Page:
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Ace Piva, founding partner and executive director of Over the Bridge, a Toronto-based non-profit organization created to support musicians and music industry workers who suffer from mental illness and addiction issues.Handout

When the Toronto-based non-profit group Over the Bridge recently posted new songs eerily in the styles of dead musicians Jimi Hendrix, Kurt Cobain, Amy Winehouse and Jim Morrison, interest was widespread. In a feature piece, Rolling Stone magazine detailed the algorithmic process used to create the digital homages. National radio in Canada spoke to the Frankensteins who used artificial intelligence to bring the four icons musically back to life.

Not all the reaction has been positive, however.

“I know it upset a few people,” says Ace Piva, co-founder and executive director of Over the Bridge. “Some of the social media commentary was harsh, but that’s okay. Sometimes you have to shake the tree to make a difference.”

Over the Bridge is dedicated to the support of musicians and workers in the music business who suffer from mental health or addiction issues. The songs are the key part of a project it calls the Lost Tapes of the 27 Club. The ad hoc after-death “27 Club” is so named because its posthumous members (including Hendrix, Cobain, Winehouse and Morrison) all died prematurely at age 27.

Kurt Cobain of Nirvana performs in MTV Unplugged in New York, on Nov. 18, 1993.FRANK MICELOTTA/MTV/The New York Times

The Lost Tapes initiative was developed to show music fans the kind of art that was lost with the deaths of the four creators. “We’re pointing out that music should not be made like this,” says Piva, referring to songwriting done by algorithms. “These artists should be alive.”

It’s an age-old parlour game to wonder what a Hendrix or Cobain would have gone on to achieve if they had not died so young. In its own attempt to answer the question, Over the Bridge submitted MIDI files (a digital blueprint of the music) to the Google-developed AI program Magenta. The components of 30 songs by each artist were fed into software that studied vocal melodies, harmonic structure, drum patterns and guitar riffs to spit out something approaching a brand new, if completely derivative, song.

The Hendrix-like track You’re Gonna Kill Me riffs psychedelically in Foxey Lady ways, while the Nirvana-ish Drowned in the Sun is an exercise in nineties grunge-rock moroseness. The two other songs channel the spirits of Amy Winehouse and Jim Morrison and the Doors. While the musical arrangements and audio were produced by software, they feature live vocals by sound-alike singers.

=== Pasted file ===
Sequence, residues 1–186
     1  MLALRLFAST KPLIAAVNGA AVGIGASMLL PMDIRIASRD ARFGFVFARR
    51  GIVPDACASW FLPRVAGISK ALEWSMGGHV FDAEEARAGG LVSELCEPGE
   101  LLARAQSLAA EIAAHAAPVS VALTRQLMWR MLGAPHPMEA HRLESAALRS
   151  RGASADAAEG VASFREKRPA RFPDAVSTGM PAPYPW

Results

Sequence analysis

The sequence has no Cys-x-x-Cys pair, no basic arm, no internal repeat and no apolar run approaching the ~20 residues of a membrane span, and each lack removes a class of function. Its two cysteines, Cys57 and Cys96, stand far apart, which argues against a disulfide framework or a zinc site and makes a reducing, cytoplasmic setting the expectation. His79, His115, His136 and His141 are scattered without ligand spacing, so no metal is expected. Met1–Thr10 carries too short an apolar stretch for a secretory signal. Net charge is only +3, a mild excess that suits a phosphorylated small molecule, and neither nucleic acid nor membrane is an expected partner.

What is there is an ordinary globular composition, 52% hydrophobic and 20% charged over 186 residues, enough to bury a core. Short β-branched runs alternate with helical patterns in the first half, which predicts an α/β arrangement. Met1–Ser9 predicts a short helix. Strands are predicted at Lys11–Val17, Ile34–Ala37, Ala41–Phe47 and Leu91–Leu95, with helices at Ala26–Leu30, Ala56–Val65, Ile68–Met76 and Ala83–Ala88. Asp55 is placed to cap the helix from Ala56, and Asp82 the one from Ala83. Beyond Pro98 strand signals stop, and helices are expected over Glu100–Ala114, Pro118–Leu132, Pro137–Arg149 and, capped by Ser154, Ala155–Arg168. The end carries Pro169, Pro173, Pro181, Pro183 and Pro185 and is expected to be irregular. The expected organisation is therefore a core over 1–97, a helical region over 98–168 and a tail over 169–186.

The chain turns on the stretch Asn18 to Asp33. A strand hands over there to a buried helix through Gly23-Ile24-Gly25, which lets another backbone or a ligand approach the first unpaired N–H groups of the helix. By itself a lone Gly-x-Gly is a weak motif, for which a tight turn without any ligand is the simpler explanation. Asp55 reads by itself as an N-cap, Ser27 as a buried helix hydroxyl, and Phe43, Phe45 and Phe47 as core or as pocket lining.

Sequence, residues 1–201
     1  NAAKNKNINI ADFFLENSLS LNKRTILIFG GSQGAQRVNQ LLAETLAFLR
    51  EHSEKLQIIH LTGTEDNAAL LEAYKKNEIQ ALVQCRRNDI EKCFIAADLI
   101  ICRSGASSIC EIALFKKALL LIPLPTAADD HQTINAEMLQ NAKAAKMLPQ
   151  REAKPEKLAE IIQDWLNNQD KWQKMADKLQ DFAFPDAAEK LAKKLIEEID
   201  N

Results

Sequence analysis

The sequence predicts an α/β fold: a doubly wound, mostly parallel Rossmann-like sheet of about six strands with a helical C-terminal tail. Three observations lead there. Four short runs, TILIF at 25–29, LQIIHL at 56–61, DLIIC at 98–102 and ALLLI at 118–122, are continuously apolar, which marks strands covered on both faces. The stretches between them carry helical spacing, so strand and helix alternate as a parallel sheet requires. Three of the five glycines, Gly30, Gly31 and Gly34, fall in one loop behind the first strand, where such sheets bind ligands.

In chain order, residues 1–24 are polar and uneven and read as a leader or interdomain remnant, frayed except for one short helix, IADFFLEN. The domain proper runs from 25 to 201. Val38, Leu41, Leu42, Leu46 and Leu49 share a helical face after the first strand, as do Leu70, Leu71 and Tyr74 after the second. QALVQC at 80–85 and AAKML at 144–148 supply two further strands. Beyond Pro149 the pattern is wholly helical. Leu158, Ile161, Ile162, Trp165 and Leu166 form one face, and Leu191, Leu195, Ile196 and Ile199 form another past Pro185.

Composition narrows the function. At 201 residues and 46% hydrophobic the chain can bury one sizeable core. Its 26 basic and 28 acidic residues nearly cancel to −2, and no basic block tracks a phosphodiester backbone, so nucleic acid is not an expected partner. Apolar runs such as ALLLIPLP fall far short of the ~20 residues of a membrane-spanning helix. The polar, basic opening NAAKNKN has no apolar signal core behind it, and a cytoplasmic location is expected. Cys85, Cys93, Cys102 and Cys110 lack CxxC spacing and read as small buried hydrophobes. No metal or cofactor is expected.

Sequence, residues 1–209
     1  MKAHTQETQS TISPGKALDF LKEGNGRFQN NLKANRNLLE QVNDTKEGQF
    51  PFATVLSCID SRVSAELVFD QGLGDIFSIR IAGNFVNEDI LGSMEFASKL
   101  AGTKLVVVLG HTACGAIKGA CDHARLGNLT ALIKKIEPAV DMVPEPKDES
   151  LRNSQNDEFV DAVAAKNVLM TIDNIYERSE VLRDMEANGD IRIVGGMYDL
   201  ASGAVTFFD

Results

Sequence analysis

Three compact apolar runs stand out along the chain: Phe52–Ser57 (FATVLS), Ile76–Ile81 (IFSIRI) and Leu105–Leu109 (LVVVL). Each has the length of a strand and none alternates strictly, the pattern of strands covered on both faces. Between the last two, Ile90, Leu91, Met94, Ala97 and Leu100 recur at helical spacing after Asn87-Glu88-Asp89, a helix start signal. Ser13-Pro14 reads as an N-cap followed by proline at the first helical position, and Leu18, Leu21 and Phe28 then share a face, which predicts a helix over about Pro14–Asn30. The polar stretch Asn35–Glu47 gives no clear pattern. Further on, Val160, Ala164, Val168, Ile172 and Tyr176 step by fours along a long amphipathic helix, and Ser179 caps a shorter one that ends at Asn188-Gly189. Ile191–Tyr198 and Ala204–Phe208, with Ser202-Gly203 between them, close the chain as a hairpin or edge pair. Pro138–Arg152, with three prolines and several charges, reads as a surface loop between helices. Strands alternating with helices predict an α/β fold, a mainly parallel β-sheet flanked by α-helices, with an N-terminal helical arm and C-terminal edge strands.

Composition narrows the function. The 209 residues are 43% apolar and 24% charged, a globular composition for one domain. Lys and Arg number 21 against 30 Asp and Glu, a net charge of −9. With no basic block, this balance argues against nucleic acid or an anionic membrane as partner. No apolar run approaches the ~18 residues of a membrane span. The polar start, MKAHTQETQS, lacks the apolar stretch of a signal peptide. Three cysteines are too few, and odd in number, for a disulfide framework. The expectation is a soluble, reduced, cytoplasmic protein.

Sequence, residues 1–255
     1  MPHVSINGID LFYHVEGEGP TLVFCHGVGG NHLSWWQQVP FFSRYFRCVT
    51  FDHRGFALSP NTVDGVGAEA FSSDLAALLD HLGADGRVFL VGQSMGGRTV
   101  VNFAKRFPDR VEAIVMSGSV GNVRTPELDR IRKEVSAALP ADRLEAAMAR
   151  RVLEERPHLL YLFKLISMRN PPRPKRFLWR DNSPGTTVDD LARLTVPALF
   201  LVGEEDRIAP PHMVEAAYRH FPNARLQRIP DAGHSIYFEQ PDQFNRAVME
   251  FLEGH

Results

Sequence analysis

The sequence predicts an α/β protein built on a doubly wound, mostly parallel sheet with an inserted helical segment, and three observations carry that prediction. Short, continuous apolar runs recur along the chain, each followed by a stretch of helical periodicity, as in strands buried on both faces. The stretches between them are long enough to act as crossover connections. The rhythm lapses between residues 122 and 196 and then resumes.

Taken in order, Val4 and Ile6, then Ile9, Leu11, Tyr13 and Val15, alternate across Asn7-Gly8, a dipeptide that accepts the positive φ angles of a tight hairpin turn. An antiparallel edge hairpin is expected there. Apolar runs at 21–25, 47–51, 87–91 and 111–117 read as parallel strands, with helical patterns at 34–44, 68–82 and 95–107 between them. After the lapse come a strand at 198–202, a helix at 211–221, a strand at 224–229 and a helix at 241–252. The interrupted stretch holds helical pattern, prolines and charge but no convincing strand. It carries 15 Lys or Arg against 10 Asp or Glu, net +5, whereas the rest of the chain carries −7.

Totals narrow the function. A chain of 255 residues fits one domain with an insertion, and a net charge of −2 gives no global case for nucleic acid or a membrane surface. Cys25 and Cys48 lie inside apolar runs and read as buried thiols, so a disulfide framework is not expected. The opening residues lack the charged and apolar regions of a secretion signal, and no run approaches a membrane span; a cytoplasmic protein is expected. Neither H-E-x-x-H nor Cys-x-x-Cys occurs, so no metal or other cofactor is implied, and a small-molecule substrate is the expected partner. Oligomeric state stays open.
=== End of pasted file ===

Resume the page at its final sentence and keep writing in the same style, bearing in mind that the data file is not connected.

All four songs are available on the Lost Tapes website and on YouTube. The names Hendrix, Nirvana, Winehouse or the Doors are not used, for fear of copyright infringement “We have to be careful,” says Piva. “We understand we’re straddling the line legally.”

One expert The Globe and Mail asked thinks Over the Bridge is guilty of making bad music, but not unlawful copying. “These are stunningly poor simulations,” says Rob Bowman, a Toronto-based musicologist. “But it’s not plagiarism.”

During his interview with The Globe and Mail, Piva purposely avoided using the names of the four musicians. There is no affiliation with the dead musicians or their estates; any money raised will fund Over the Bridge’s cause.

Despite the altruistic intentions, the Lost Tapes project does raise concerns when it links the artists’ legacies with substance abuse or poor mental health. Unlike Nirvana’s Cobain, who endured profound depression and died by suicide, Hendrix was not known to suffer from mental illness. His song Manic Depression is thought to be an expression of romantic confusion, not a psychiatric self-diagnosis.

Attempts by The Globe and Mail to contact the Hendrix Estate for a comment on the Lost Tapes project were unsuccessful. A displeased former Hendrix associate did speak on the record, however.

“I’m fine with the premise of what Over the Bridge is trying to do, because it’s a good cause,” says Eddie Kramer, a friend of the I Don’t Live Today singer who engineered and produced the guitarist’s best-known recordings. “But when you bring in Jimi Hendrix as part of this. you’ve gone down the wrong path. His was an accidental death.”

Hendrix’s late-sixties lifestyle included an enthusiasm for psychoactive drugs. He died of asphyxia while intoxicated with barbiturates on Sept. 18, 1970.

“People who abuse substances often have mental issues,” says Piva, when asked about Hendrix. “And drug and alcohol abuse is something that’s romanticized in the music world. I mean, in how many industries is alcohol considered a form of payment?”

As for the computer-produced Hendrix-styled song, Kramer was blunt in his condemnation.

“It’s bloody awful,” he says, speaking from his home in Ontario’s Prince Edward County. “I don’t think AI technology will ever take the place of the human being in a room making music with other human beings.”

On that point, Piva agrees.

“That’s the whole idea behind this, and that’s why Over the Bridge is here, to support artists while they’re struggling,” he says. “Nothing replaces the real deal.”

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